DemDaily: Republicans Roll Out Replacement
In keeping with his campaign promise to "Repeal and Replace Obamacare," President Trump's first Executive Order set into motion the rollback of Obama's historic act, which currently provides 20 million people with healthcare.
Unfortunately, like many of his initial orders, it was issued without coordination with the US Department of Health and Human Services and administering agencies, setting off inter-governmental chaos and, externally, a public backlash and protest in Republican town halls nationwide.
Executive Order #13765 (January 20, 2017): Rolling Back Obamacare
Minimizing the Economic Burden of the Patient Protection and Affordable Care Act Pending Repeal
The order states agencies can "waive, defer, grant exemptions from, or delay" any portions of the Affordable Care Act that create financial burden on states, individuals or healthcare providers.
Key Points on Trump's "The American Healthcare Act"
Takes away the Individual Mandate
Eliminates the individual insurance coverage requirement and federal penalty, shifting the penalty against the uninsured to health insurance companies - who will be able to charge 30% higher premiums for new customers who have gone 63 days+ without health insurance.
In the current system, no federal funding can be used to provide abortions (excluding rape, incest, and saving lives of mothers). Although federal funding to Planned Parenthood goes to general and reproductive healthcare services and education, the bill calls for defunding the organization entirely - putting millions of women and families without those free services.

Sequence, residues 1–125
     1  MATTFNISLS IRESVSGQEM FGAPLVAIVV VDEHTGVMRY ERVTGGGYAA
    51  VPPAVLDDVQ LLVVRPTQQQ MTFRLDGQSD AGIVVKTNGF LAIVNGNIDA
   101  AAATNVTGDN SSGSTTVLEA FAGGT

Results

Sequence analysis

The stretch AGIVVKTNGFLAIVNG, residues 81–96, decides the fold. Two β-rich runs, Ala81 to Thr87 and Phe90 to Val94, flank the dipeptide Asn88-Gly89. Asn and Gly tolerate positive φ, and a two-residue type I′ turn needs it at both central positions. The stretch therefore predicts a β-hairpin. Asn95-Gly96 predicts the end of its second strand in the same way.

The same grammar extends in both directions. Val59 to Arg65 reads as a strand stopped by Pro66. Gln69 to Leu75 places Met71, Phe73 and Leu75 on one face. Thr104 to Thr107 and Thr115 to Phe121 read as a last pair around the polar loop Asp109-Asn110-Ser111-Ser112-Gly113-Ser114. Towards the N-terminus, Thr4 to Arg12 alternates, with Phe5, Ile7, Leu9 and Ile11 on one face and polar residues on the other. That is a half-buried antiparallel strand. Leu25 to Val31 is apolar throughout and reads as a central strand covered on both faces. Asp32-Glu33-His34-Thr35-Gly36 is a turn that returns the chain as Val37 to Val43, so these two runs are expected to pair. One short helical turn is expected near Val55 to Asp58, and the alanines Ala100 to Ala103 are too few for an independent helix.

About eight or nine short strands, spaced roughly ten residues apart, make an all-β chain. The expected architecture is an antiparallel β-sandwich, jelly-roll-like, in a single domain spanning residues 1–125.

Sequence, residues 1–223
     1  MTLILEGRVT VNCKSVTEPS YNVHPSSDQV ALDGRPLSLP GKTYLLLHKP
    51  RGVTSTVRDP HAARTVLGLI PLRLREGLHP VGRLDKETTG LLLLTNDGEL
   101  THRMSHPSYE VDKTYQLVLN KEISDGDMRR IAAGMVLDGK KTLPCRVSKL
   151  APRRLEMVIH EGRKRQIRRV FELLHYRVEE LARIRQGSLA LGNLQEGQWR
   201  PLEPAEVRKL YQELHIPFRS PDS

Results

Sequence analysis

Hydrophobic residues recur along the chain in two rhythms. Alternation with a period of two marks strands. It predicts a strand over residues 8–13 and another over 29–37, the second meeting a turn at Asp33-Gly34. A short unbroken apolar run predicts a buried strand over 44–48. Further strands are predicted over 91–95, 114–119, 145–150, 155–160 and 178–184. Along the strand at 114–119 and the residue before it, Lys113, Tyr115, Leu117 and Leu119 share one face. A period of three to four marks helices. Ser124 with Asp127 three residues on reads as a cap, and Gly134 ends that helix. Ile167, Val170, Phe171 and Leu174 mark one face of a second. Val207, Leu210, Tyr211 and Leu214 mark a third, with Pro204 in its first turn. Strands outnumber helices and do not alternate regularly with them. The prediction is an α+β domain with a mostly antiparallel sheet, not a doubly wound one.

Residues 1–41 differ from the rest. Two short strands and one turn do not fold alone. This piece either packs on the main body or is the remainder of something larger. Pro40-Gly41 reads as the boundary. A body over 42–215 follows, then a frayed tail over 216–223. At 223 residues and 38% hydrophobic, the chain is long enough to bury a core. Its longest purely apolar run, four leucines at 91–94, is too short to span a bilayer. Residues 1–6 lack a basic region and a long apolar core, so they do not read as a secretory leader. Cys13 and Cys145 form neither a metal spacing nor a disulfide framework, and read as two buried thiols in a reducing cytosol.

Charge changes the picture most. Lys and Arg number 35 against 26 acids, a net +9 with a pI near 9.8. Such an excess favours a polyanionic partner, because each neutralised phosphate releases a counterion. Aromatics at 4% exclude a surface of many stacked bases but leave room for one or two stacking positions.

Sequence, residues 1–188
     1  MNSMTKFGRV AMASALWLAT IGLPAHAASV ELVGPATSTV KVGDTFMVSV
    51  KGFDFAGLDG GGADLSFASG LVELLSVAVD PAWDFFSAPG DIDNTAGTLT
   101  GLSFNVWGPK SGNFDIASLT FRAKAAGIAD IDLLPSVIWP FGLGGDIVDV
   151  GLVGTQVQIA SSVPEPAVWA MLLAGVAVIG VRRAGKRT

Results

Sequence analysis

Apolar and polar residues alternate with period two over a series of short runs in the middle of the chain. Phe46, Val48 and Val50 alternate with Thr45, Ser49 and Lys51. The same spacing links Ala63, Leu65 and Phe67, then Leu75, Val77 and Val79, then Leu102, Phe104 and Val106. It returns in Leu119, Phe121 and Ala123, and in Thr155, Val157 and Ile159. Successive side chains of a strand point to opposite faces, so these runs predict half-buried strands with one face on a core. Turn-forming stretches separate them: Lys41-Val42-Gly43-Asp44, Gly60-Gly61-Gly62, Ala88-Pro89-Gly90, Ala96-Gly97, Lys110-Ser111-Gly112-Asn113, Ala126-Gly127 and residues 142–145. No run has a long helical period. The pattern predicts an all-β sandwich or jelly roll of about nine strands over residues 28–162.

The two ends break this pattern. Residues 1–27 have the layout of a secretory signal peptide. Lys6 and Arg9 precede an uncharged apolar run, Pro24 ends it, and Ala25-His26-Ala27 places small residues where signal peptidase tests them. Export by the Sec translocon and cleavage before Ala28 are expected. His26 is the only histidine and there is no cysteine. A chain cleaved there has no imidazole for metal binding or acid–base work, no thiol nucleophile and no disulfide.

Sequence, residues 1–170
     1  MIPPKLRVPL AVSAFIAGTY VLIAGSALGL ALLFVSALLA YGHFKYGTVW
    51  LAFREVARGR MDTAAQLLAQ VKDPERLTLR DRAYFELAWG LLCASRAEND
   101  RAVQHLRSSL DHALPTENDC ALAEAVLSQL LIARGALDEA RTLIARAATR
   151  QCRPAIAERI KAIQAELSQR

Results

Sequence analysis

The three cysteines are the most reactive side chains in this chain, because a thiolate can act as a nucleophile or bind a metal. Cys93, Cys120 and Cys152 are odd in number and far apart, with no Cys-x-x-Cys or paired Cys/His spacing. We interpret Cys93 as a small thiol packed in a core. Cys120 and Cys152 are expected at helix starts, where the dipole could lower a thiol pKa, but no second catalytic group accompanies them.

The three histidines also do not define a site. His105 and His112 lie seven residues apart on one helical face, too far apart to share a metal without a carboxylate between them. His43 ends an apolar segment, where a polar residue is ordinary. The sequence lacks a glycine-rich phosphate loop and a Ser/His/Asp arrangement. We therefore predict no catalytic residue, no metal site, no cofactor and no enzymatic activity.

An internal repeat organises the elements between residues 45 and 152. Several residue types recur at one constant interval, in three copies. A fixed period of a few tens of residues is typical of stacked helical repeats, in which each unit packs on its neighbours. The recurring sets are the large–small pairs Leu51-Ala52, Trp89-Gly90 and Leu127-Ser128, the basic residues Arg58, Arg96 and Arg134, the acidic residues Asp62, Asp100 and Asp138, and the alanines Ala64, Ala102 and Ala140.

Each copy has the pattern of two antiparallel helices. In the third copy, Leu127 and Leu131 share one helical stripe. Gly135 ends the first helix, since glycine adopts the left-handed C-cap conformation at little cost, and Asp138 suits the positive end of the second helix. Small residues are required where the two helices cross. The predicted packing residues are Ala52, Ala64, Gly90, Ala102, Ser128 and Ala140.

Transfers Qualification Requirements Authority to the States
Federal-level requirements for covering health plans covering hospitalization, maternity care, mental health services and other benefits will be removed as of Dec 31, 2019, and the authority for setting those requirements transferred to the individual states.
Changes Subsidies from Income-Based to Age-Based
Under the ACA, subsidies to help individual buyers afford premiums, deductibles and co-pays currently based on household income, would shift to an age-based system. This would disenfranchise younger applicants who would received comparatively less coverage.
Kills Medicaid Expansion
Mandates repeal of Medicaid expansion as of December 31, 2019. Traditional Medicaid will be block-granted, a system which will provide less federal funding than the allotment under current joint state-federal programs.
Repeals Obamacare Taxes
Taxes that currently fund ACA will be repealed entirely. The end result: A large tax cut for the wealthy, according to the LATimes, of "at least $346 billion over 10 years, every cent going to taxpayers earning more than $200,000 ($250,000 for couples)."
On the changes, which could leave millions of Americans uninsured or faced with paying more out of pocket: "Americans have choices, and they've got to make a choice. So rather than getting that new iPhone that they just love and want to go spend hundreds of dollars on that, maybe they should invest in their own health care... They've got to make those decisions themselves." - Congressman Jason Chaffetz (R-Utah)
Passage of the Act would require a simple majority in the House (218 of 435) and Senate (51 of 100). DemList will keep you informed!
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